It is not likely that they will pursue charges if they indicated they wouldn't and they sent a civil demand. Jail would have been more likely if they would have taken you in cuffs right away. As far as order, the police would actually write the report from the victim's statement, and then submit it to the county to "press charges" against you in juvenile court, so the police would know first. You will probably be off probation before any appearance if they do start.
Anything is possible regarding your probation, so I can't really speculate. It could be that the juvenile court magistrate doesn't find out at all.
There's a surefire way to stay out of jail though: stop breaking the law intentionally, and don't hang out with bad kids.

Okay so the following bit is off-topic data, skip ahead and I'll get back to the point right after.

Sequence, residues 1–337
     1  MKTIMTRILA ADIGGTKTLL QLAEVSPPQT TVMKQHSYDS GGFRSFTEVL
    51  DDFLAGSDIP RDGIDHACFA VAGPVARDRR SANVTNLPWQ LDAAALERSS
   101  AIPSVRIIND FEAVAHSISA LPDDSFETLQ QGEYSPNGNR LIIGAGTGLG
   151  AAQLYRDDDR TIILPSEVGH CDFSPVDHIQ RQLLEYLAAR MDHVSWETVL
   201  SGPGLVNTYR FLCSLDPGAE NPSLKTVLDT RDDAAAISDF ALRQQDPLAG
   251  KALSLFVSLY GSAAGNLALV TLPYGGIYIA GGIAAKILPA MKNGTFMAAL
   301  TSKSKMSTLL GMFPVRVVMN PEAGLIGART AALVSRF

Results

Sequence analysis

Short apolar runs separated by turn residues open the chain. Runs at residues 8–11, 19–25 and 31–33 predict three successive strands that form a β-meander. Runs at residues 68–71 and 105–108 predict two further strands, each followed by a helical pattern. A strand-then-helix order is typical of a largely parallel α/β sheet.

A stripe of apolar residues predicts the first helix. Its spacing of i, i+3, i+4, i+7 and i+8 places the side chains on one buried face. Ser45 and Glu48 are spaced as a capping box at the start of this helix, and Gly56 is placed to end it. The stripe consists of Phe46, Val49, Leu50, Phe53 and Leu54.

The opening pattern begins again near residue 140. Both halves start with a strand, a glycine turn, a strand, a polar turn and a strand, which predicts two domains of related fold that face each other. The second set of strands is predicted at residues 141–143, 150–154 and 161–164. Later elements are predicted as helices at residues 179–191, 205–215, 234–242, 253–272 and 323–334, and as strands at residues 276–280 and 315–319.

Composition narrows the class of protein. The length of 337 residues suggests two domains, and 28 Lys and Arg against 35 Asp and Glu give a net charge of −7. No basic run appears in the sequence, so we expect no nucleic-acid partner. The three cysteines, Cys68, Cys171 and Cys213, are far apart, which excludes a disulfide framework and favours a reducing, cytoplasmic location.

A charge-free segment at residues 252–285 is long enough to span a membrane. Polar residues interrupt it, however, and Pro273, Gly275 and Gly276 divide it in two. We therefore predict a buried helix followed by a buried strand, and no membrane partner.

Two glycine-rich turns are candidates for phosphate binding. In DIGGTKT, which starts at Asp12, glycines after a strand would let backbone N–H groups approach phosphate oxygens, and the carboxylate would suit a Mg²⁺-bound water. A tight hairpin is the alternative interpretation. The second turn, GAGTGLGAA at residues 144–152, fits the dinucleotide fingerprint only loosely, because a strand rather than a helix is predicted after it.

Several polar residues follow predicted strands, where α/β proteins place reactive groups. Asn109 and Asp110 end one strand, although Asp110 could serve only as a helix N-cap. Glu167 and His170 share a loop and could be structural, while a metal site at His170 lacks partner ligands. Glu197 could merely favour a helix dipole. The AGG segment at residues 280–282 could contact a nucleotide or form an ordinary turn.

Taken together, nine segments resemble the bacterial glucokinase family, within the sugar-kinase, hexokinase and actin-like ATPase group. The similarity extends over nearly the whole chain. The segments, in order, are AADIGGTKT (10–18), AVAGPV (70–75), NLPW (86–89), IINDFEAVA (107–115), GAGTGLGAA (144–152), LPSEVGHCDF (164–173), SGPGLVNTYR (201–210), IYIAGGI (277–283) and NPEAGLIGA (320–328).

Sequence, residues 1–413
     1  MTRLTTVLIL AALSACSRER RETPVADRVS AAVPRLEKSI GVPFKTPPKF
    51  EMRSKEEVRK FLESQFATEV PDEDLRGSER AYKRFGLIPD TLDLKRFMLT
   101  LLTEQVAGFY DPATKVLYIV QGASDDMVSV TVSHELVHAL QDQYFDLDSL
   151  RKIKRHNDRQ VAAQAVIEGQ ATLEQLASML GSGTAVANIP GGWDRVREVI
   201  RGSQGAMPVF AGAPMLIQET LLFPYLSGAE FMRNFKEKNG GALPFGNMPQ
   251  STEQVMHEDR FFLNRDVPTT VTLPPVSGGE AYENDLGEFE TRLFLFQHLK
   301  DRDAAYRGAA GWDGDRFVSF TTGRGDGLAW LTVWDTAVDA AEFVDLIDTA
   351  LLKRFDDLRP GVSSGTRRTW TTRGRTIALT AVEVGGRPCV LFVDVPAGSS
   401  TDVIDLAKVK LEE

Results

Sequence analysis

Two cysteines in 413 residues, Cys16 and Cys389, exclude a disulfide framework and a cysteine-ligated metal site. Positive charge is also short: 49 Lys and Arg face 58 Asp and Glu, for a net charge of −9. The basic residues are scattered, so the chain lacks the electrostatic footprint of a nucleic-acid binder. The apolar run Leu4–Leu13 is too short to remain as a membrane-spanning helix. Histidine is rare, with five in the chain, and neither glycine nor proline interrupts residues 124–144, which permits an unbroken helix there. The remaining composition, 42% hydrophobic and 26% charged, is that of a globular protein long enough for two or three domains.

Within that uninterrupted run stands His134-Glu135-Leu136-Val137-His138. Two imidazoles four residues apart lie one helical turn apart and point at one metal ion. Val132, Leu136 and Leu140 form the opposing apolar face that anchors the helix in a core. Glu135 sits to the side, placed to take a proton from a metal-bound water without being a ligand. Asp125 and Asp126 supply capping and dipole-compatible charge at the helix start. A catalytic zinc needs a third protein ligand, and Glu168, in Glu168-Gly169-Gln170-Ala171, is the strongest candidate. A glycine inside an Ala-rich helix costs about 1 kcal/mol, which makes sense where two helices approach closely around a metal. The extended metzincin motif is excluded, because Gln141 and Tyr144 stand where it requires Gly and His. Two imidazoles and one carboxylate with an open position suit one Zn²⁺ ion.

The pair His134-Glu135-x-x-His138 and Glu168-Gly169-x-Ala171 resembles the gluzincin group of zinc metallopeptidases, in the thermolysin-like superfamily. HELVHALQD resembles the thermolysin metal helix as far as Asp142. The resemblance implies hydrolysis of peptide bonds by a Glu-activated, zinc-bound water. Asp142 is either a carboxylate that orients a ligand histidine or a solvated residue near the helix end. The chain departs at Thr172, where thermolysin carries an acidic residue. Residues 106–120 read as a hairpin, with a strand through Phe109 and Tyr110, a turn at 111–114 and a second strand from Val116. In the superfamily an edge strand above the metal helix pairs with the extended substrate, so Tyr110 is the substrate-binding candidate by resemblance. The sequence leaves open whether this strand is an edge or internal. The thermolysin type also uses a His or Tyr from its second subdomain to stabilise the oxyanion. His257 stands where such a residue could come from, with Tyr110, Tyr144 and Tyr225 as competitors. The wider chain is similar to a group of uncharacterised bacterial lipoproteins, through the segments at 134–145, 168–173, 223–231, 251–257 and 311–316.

Clark County, Nevada practitioner.
Generally, the store is more interested in getting the property back or reimbursed. Under the circumstances you described, it does not appear the store is going to pursue charges so there would be no probation violation. However, you may want seek some assurances before paying the demand. Otherwise, the prosecutor may be able to utilize any statements you make accompanying the demand as evidence in criminal court.
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There are statutory damages for shoplifting, which, if I recall correctly, are the cost of the item and $100-$250. There is also the possibility of attorney fees being awarded. Settling for $100 might not be a bad option, and you can let them know you need to hold off until your probation is concluded to agree to anything in writing. This should take care of civil liability and protect your probation status.